Postnatal care after a c-section was a little different compared to Italy: for instance, they pressed my womb a couple of time to make all the blood flow away quickly, while in Italy they let it come out naturally. They gave me painkillers, while in Italy they didn’t. As in Italy, they asked me not to remain immobile, but to try moving during the night and they made me stand up and walk a little the morning after.

 

Let’s speak about hospital food: I think a picture can be more eloquent than words:

 

 

Hot soups are considered healthy for a woman who has just given birth, but I have to admit I wasn’t brave enough to eat this one. They also told me not to drink cold beverages and suggested I should even dilute yoghurt with hot water! It was September, and the weather was still warm: I walked around in my flip flops, happy to let my feet breath. But they scolded me: I had to keep them warm otherwise I could catch a cold!

 

All these customs are part of the “month” tradition which new moms in China traditionally follow. For instance, they should stay in bed and rest as much as possible, eat hot soups, not take showers and always stay warm. These rules, which some consider way too strict, are supposed to protect the mom’s body in this very delicate period of life.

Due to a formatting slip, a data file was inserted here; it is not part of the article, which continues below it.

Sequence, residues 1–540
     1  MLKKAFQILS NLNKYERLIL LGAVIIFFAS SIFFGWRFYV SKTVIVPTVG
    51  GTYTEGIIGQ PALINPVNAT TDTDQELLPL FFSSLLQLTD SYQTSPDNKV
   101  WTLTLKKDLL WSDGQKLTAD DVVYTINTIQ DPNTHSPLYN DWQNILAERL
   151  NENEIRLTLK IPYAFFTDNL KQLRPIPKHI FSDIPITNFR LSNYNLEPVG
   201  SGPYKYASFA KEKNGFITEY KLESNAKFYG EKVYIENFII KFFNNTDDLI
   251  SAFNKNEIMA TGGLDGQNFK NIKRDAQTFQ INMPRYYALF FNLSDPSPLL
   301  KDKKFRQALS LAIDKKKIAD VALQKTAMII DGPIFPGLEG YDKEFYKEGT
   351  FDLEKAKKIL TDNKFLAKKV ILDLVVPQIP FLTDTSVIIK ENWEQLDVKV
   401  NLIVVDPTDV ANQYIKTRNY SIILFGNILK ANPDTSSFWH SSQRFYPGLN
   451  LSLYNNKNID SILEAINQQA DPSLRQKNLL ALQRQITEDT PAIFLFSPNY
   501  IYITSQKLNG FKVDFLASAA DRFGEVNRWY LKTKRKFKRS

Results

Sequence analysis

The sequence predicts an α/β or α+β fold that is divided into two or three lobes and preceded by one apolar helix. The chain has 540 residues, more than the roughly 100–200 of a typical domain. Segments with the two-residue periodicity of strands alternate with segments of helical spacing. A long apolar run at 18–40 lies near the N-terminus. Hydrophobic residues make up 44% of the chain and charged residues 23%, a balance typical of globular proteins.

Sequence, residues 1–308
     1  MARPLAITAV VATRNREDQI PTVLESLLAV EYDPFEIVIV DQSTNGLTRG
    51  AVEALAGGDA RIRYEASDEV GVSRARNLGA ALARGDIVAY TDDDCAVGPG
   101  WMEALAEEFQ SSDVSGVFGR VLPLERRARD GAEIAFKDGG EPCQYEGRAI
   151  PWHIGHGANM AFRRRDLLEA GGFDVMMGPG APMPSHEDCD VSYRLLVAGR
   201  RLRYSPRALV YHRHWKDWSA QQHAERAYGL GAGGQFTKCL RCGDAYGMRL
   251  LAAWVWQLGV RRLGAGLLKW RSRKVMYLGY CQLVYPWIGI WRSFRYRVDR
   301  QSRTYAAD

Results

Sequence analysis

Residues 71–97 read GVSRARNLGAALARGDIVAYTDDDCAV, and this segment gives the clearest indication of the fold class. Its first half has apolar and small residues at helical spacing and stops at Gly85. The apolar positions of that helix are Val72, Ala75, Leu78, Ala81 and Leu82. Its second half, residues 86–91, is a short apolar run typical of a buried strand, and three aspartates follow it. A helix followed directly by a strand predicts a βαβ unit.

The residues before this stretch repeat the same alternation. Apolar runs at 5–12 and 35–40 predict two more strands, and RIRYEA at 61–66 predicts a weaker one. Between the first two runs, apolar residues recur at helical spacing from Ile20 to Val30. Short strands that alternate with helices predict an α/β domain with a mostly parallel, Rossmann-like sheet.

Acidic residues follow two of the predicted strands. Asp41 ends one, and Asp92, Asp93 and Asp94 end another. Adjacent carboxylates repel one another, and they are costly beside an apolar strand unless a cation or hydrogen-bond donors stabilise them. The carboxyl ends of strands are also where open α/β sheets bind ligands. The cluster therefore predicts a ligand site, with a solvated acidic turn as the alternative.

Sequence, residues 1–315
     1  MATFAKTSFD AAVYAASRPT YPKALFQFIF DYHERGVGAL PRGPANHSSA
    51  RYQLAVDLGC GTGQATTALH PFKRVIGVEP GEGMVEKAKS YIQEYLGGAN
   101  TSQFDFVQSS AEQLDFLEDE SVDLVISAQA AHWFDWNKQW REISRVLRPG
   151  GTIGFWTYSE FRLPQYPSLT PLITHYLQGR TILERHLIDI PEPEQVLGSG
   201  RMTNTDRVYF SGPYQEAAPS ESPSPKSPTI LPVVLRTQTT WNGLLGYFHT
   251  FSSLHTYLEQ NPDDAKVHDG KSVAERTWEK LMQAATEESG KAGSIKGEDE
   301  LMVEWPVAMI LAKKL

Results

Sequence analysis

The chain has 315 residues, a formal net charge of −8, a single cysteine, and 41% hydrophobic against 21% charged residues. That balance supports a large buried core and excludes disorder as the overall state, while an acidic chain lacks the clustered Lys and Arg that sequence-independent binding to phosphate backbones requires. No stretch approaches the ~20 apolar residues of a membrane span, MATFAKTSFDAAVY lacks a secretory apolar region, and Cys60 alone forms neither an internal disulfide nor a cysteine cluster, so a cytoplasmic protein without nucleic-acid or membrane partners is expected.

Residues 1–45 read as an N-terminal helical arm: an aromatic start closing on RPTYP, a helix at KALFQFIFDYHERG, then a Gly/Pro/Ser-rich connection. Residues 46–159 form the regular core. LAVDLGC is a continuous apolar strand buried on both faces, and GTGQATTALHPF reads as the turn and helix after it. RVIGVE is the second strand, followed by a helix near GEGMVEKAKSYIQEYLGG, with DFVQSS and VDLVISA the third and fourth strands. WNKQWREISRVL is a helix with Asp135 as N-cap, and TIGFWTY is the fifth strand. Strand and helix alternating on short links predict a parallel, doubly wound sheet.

On the fifth day, we were discharged. They finally washed the baby and let him swim for a while in a big tub filled with warm water. He seemed to appreciate the experience!

 

Overall it was a good experience. I especially appreciated the kindness of the nurses and doctors: even if many of them couldn’t speak English, they always tried to make me understand everything they were doing, what kind of medicines they gave me, which tests I was taking.

 

 

Antonella Moretti is Italian and has lived in Suzhou since 2012. She writes about expats in China in her blogs www.parsleyandcoriander.com (English) and www.cucinanto.com (Italian) and is the author of the book “Parsley & coriander”, a novel about expat women in China.